While Pittsburgh Steelers quarterback Ben Roethlisberger has only participated in two of the team’s eight on-the-field OTA practices in 2018 so far, his former offensive coordinator, Bruce Arians, said earlier this week in a radio interview that his absence really should be considered a big deal.
“I think they’re extremely important for young players and young teams,” Arians said this past Friday about OTAs during an interview on 93.7 The Fan. “When you’ve been together as long as they have, it’s great really for the younger guys to get those reps. Because if he [Roethlisberger] was there, he was going to get the reps and I just think it’s fantastic for those young players to get those reps and watch that team grow.”
Arians and Roethlisberger have forever been close and they still seemingly spend time visiting with each other during the offseason to at least get a round of golf in. On Friday, Arians was asked to comment on Roethlisberger and him seemingly still being on top of his game despite now being in his mid thirties.
“We played golf a couple of weeks ago and I don’t know if he’s ever been in better shape,” Arians said. “He looks fantastic. [He’s] really excited about everything with Randy [Fichtner] and then the offense and the weapons he’s got. Every year I usually play golf at this time and I don’t know if I’ve ever seen any more excited about getting ready to go.”
One the main reason that Roethlisberger might seem more excited to play this offseason than in previous offseasons is probably related to Todd Haley being replaced by Randy Fichtner as the team’s offensive coordinator several months ago. You didn’t need to be rocket scientist to figure out that Roethlisberger’s relationship with Haley wasn’t great the last few years. Arians, in fact, all but confirmed the obvious during his radio interview.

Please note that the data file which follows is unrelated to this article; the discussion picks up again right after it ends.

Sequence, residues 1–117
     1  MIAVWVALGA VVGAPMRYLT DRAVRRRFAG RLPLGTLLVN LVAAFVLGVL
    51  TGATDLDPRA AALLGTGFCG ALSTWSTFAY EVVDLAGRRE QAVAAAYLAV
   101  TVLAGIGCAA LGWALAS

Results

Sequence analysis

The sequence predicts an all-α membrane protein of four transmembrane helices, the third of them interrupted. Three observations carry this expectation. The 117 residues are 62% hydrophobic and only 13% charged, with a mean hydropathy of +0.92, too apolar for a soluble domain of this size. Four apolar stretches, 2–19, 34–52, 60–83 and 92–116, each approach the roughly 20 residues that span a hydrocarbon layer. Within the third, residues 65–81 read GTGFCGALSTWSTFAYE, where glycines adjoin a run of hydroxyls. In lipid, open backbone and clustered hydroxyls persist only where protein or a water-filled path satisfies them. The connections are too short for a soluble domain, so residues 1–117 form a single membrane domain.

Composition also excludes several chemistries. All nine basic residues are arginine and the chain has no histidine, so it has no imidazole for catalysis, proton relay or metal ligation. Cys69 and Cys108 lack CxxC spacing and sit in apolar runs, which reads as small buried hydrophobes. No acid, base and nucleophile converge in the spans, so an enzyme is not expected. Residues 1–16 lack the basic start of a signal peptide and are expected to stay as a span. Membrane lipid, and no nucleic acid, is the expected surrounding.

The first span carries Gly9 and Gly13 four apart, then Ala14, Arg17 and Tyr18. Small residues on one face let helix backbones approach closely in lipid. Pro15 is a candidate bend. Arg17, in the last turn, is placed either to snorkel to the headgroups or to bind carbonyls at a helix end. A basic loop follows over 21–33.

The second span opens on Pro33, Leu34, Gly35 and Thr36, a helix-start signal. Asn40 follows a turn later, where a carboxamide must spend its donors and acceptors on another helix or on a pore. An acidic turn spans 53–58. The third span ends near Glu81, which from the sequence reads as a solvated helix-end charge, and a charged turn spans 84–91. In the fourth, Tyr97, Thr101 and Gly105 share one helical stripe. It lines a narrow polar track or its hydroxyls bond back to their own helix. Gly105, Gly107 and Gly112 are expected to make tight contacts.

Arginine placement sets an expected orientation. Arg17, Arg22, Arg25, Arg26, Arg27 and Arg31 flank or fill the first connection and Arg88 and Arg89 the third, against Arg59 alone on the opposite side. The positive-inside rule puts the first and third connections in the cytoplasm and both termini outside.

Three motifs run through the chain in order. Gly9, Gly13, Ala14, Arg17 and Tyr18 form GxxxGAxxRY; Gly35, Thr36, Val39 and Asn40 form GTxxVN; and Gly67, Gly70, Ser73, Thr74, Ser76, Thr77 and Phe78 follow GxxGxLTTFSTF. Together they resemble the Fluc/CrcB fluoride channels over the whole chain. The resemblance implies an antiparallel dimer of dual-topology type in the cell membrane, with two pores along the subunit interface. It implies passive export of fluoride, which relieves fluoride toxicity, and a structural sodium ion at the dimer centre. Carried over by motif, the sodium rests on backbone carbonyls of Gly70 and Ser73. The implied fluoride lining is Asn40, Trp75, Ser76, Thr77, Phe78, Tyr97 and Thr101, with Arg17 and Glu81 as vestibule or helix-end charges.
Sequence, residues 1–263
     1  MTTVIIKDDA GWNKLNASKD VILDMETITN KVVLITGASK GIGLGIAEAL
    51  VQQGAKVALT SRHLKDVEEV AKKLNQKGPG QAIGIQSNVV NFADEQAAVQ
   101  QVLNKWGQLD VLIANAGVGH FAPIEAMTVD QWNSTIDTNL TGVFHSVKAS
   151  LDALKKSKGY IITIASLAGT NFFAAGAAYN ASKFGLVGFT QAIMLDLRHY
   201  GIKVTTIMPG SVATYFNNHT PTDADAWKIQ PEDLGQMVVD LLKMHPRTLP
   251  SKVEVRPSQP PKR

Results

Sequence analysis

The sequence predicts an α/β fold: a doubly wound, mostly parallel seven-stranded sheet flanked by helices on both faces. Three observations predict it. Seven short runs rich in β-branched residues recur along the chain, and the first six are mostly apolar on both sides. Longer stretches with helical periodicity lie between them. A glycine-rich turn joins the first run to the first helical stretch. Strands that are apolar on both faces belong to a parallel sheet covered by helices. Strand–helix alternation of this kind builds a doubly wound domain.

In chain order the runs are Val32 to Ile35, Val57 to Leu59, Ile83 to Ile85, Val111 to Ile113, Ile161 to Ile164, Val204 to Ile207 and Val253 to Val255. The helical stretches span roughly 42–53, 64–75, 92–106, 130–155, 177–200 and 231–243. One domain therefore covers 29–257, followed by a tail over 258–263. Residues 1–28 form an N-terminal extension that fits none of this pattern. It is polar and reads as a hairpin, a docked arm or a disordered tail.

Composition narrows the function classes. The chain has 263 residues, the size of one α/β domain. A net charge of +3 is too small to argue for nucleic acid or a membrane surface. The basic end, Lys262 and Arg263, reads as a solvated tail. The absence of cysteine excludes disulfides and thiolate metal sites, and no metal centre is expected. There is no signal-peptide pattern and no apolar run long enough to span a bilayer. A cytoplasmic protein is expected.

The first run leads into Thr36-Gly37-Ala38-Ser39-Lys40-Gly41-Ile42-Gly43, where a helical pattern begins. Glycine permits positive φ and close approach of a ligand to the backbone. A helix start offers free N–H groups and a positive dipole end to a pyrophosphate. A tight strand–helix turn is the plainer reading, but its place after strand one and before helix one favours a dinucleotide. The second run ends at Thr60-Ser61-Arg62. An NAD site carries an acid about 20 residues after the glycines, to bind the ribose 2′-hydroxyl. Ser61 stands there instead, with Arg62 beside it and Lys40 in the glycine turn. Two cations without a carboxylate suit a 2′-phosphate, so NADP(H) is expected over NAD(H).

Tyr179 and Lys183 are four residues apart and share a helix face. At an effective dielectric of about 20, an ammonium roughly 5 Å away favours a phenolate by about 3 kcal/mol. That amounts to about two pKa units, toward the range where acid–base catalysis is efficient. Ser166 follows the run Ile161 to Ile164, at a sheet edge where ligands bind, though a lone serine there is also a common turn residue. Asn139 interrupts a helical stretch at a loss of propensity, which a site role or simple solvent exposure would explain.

“You know, if you’re gonna retire, and now all of sudden you’re gonna play five years, I think everything speaks for itself,” said Arians, who wanted to leave that quote at that in regard to Roethlisberger’s relationship with Haley.
Arians, who retired from coaching after the 2017 season and is now set to be a broadcast analyst for CBS in 2018, looks forward to now being the one able to question the decisions made by other NFL coaches during games.
“I went from idiot to genius,” Arians said on Friday. “I can’t be wrong now. I get to second-guess and say, ‘Why the hell did he call that play.'”
Despite how everything went down between Arians and Steelers several years ago, that included the team saying he was retiring instead of saying they no longer wanted him to be the offensive coordinator, he made it clear on Friday that time has helped him get pass a lot of what transpired after the 2011 season.
“Time heals all kinds of things, you know,” Arians said. “I look back and had I not had what happened to me, I would’ve never became a head coach. So, I was more than thankful and time heals some wounds at times.”